Sailing: British let down by lack of sponsorship

Stuart Alexander reports on a serious threat to Britannia's rule over the waves
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From a wild southern ocean to an equally vicious screaming run home up an angry English Channel to Southampton, the 1993/94 Whitbread race burned itself into the memories and imagination of thousands of followers around the world. It had come of age as the top ocean sailing event, a heady mixture of danger, nerve-testing skill and gruelling endurance. Then the bandwagon hit the buffers.

A little team headed by the director, Ian Bailey-Willmot, and the marketing man, Andrew McCall, has been clocking up enough air miles recently to cover several Whitbread Round the World Races. They were not just visiting the ports of call in South Africa, Australia, New Zealand, North and South America.

They were on the stump for about pounds 7m of sponsorship cash from companies they hope to attract as partners in the 1997/98 event. It has not been easy, time is ticking away, the rush to snap up a golden opportunity has been rather underwhelming.

It is a common problem. Britain has struggled at the top level in all but the Olympics. The British are languishing in the Southern Cross Cup in Australia, did badly in the Champagne Mumm Admiral's Cup earlier this year, and have had no contender at the America's Cup since 1986/87. All the skills and talents are there, but the commercial partnerships have not been forthcoming.

In Whitbread terms, some blame the high price tag and the confusing reality that the race already has a sponsor: the brewers, Whitbread. However, Whitbread as a brand is promoted almost wholly in the home UK market so, not least because much of the race and its media exposure takes place overseas, they want to lay off the bulk of the cost.

"British industry is aware, but the real benefits accrue to those looking for global exposure and there aren't too many UK companies in that league," Bailey-Willmot said. But this week brings him the good news that ESPN, the American cable channel, will broadcast half-hour programmes twice a week during the race, and its parent, ABC, will network a one-hour review each month after the finish in June 1998.

At home half a dozen syndicates, with Lawrie Smith's having the highest profile, have also been tramping the corporate corridors looking for their own bank rolls of pounds 4m to pounds 5m to take part in what is the premier ocean racing grand prix. Time for them is running out and only the Welsh Dragon team sounds as though it will scarcely have time to celebrate at Christmas before it throws itself into an accelerated programme in the New Year.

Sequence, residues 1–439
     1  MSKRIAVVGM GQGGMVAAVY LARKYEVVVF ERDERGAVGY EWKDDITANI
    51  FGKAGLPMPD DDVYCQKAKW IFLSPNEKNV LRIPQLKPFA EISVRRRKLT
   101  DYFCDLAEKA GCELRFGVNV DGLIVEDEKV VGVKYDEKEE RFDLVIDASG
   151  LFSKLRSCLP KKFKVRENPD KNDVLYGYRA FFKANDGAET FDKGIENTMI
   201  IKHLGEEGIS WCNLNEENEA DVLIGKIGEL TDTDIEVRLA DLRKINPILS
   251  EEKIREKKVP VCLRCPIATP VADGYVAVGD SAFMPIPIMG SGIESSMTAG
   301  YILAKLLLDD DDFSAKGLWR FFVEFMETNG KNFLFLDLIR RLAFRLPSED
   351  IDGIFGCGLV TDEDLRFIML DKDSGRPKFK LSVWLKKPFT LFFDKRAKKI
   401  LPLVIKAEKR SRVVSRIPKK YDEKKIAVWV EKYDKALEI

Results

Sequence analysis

September to November is traditionally decision time in big companies looking forward to and confirming not just next year's budgets but their financial set-up through into 1997. According to Duncan Lee, of the Hammerhead consultancy: "Things are not very healthy at the moment. It's hard to put your finger on why, and it applies also to other sports, but apart from companies already in sponsorship, there is a reluctance to make decisions."

If Whitbread is to give up the title name of the race, and some feel that is vital if a big sponsor is to be brought in, then they will want more money back. That is a tall order in today's tough world.

The original marketing strategy of selling individual leg sponsorships for up to pounds 1m a time has not worked out, so Whitbread has gone back to looking for two or three majors and has appointed Alan Pascoe and Associates as their agents and brokers.

Looking the most hopeful British team are the Welsh. The project spokesman, Mike Shaw, is upbeat: "Things seem to be brightening up. We have official endorsement from the Welsh Yachting Association, backing from the Welsh Tourist Board and Development Authority, are talking quite warmly to two or three industrial sponsors and have an innovative plan for initial funding.